I think that many distance runners enjoy the mental challenge of working through that pain. For me, what’s almost more satisfying than the track times, is what I can push myself to do when I am doing a training run – and the only person challenging me is myself. It’s important to find joy in everything you do, and running is no exception. I think that the most valuable thing I can pass down to the younger runners on my team is a love of the sport.

6. You don’t always see very many fast times on Massachusetts XC courses, it seems, but I have a feeling that some people just don’t know how hard some of these courses are. Can you talk a little bit about what you’ve learned about Massachusetts running and its toughest courses over your first three years? Do you have a favorite, especially with the state meet courses?

Massachusetts running is great because there is such variety in the weather, terrain, and scenery. Some of my favorite cross country races have been ones in which I have crossed the finish line covered in mud. One of the most challenging courses in Massachusetts is Northfield Mountain, which was our state course in 2006. My favorite course is Gardner, a golf course with some fairly decent hills that the state meet was held at this past fall. My district meet is held there every year, so I’ve raced the course six times now. My town of Harvard actually attracts many good runners to its road races because of its hilly terrain. It’s a great place to train.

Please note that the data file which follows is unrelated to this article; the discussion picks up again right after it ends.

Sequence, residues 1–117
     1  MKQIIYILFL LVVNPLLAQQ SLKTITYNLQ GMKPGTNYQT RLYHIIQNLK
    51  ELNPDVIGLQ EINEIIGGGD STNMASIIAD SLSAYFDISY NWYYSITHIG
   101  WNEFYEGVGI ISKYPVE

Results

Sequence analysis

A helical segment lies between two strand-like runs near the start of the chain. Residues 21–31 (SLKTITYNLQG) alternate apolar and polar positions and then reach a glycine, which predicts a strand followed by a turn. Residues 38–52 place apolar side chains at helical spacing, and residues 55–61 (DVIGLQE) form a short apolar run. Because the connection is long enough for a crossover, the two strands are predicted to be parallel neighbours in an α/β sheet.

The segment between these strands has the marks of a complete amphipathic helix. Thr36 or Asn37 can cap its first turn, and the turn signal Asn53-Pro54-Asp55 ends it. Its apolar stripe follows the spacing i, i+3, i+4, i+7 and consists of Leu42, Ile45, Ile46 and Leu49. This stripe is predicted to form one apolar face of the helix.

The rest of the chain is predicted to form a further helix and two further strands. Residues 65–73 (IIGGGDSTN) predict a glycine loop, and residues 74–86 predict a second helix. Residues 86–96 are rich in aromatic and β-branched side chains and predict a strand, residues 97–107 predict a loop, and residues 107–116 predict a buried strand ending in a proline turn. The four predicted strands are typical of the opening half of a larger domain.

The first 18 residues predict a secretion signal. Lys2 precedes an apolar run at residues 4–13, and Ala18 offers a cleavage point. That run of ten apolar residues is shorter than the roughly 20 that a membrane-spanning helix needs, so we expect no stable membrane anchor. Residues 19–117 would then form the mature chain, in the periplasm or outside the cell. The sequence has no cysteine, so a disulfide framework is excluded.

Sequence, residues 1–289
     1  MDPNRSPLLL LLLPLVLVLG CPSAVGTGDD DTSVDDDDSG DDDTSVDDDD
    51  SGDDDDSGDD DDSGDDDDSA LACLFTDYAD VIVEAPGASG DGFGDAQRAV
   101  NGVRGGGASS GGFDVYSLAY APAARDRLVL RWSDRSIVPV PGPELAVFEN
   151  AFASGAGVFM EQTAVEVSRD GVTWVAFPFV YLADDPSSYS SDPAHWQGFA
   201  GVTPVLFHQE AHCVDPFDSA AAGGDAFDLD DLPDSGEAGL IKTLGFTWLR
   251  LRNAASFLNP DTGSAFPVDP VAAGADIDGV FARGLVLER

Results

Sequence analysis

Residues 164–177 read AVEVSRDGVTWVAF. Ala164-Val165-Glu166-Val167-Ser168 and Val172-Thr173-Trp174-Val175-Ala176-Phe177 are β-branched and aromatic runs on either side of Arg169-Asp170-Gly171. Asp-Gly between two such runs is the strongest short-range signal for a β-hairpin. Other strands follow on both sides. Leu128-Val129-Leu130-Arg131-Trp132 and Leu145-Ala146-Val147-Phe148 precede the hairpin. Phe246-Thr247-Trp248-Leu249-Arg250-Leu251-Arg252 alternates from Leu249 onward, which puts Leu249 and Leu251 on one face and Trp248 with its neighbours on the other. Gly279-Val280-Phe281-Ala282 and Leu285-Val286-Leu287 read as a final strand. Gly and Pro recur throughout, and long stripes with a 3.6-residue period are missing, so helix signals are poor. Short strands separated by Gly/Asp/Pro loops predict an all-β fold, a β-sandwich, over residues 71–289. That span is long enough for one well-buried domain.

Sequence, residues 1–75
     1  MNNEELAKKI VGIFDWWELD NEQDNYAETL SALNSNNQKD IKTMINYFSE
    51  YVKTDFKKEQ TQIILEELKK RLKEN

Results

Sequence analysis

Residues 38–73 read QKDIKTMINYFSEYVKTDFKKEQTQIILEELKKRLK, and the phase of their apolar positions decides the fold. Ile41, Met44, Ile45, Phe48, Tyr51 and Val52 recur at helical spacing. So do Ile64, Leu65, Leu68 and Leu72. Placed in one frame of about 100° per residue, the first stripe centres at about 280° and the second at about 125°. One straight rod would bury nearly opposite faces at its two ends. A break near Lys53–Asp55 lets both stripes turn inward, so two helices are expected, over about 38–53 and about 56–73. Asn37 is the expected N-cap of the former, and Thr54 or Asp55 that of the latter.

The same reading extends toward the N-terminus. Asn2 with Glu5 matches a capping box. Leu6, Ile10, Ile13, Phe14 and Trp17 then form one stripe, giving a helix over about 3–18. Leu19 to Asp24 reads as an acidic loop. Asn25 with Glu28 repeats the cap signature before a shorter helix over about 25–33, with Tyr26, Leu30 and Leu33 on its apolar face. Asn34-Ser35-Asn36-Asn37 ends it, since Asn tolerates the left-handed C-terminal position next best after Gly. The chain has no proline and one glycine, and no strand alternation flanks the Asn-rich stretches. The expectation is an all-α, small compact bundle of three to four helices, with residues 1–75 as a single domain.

7. You’ve said before that the support and guidance of your parents and coach are very important to you. Can you elaborate more on what makes each of them special and vital to you as a runner and person in different ways?

My coach is as dedicated and smart a coach as a high school runner could possibly hope for. I have been fortunate to work with Henry Phelan since I began running in seventh grade. He develops confidence and trust in his runners and motivates people to want to do well. My parents are a constant source of support and encouragement. They appreciate and get excited by the sport as much as I do. My races wouldn’t be the same without them there to cheer me on.

8. We’ve talked a lot about Emily the runner … now how about a little about Emily the student and what you like to do in the rare free time when you’re not being student or a runner?

Bromfield is known as an academically challenging school. My team and I spend a lot of time studying and doing homework! I enjoy being part of student council and am vice president of my class. This year, I have been writing track/cross country articles for our local paper, which has been a lot of fun. When I’m not running I spend time with friends, read, listen to music, and I’m hoping to learn how to ride a unicycle this summer.

Photo by photorun.net